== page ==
After living in Chicago and spending my Sundays sampling dumplings, dim sum and spring rolls at the Chicago Chinatown, I always look for the Chinatown when I visit a new city. Few things are more exciting to me than walking under the traditional Chinese archway to try an assortment of delicious, unfamiliar Asian foods, and then meandering through markets full of quirky Chinese knick knacks. Although the most well-known Chinatowns in the country are in big cities and along the West coast, there are a number of Chinatowns in the South that are worth a visit.
Chinatowns in the United States
Chinatowns in the United States are more than just a collection of authentic Chinese restaurants and strip malls. These districts became safe havens for Chinese immigrants throughout the 19th century and 20th century, when racial discrimination against the Chinese was at its peak. Chinese people are the only ethnic group to officially have been banned entry from America, which occurred with The Chinese Exclusion Act in 1882, prohibiting Chinese immigration. During this time, Chinatowns were the only place for Chinese immigrants to maintain community despite the discrimination they faced on a daily basis.
Now, they provide an enclave of Chinese culture, along with drawing immigrants from other countries in Asia like Vietnam, Taiwan, and the Philippines. Many immigrants from Mainland China ended up on the West Coast because of the California Gold Rush, so the first Chinatowns were created in this part of the country, in cities like San Francisco, Seattle, and Los Angeles. However, many Chinese immigrants eventually moved eastward to work on the Transcontinental Railroad, so new Chinatowns and Chinese communities were established throughout the country in cities like New York City, Philadelphia, and Boston.
Although we don't typically hear about Chinatowns in the Southern United States, they exist, and here are four Southern Chinatowns full of rich history and delicious Asian food.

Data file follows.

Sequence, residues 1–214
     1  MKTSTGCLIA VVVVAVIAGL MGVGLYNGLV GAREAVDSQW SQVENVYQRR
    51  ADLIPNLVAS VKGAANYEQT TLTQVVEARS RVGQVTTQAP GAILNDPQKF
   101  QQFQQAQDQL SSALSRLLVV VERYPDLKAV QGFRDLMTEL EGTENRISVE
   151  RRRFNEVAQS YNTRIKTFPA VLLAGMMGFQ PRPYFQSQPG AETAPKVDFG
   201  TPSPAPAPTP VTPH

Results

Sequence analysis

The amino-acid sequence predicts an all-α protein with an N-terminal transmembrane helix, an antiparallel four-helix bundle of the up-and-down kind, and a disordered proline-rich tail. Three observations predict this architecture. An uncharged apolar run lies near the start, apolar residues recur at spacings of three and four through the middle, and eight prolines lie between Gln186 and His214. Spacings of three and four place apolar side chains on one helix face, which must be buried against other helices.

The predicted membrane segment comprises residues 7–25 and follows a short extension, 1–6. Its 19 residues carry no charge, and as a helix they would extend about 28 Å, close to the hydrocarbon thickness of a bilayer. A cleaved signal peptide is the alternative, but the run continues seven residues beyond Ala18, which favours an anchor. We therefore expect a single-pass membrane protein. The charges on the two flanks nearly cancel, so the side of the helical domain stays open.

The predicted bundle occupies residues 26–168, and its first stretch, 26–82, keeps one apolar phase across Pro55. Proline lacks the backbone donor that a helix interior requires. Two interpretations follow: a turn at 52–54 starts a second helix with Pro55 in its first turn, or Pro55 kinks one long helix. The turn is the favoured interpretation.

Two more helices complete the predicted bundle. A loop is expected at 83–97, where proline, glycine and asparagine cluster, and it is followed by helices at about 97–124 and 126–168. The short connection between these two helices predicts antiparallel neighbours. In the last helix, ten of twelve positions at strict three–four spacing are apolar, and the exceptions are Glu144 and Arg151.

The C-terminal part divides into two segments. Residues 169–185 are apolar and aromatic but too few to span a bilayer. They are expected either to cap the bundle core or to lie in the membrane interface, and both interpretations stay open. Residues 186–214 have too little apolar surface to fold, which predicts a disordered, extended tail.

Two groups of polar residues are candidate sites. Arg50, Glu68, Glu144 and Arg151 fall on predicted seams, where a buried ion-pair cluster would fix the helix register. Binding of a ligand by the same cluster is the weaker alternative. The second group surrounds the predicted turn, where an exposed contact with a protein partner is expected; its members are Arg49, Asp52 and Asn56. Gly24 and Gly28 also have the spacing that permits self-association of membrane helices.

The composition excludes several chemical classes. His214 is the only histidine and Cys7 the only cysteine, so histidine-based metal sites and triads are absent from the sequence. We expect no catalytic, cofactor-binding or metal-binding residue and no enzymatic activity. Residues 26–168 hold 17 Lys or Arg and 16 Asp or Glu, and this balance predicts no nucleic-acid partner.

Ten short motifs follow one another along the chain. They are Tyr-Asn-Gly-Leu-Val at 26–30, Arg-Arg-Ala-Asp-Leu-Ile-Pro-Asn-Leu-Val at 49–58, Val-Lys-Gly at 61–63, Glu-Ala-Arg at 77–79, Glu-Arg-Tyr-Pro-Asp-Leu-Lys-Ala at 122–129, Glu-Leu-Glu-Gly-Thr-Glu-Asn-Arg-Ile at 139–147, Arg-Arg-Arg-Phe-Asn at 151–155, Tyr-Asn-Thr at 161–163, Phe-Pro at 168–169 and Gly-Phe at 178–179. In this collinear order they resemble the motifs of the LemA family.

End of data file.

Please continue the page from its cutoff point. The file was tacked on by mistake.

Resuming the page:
Houston is one of the most diverse cities in the country, so it only makes sense that it would have a vibrant Chinatown. After Los Angeles, Houston has the second biggest Indochinese population in the nation, and the thriving Chinatown is a reflection of this well-established presence. The chinatown is in the southwest part of the city, and has six square miles of stores, restaurants and cultural centers. In this Chinatown in the South, check out the Hong Kong City Market for fresh fish, or have some authentic dim sum at Ocean Palace.
Washington, DC has a well-established Chinatown that's one of the most popular places to visit when tourists come to the city. The district is along the NW blocks H and I, between NW 5th and 8th streets. You can find a variety of tasty foods like roasted duck and homemade egg rolls, which you can snack on while walking the streets. Whether you're hoping to learn about the past of D.C.'s Chinese-American population or try a new food, the Chinatown in Washington, D.C. is the place to go.
Although Richmond's Chinatown is still in its beginning stages, it's worth it to note that Richmond, Virgina will soon have a well-established Chinatown. Last year, China Dragon owner Jing Li declared her midtown area restaurant to be the official Chinatown of Richmond. The mayor then affirmed the decision, proclaiming plans for Richmond's New Chinatown. Although the district is currently only a few restaurants, we look forward to seeing its growth in the coming years.
Atlanta has another Chinatown in the South that's a hidden gem of the city. It can be found off I-285 and New Peachtree Road, and you can find Chinese, Taiwanese, Cantonese, Vietnamese, Laotian and Korean culture and food among its varied restaurants. The food court at the mall has multiple Asian restaurants and stalls, along with a tasty bakery. The Atlanta Chinatown Mall is the place to go for a culinary adventure.
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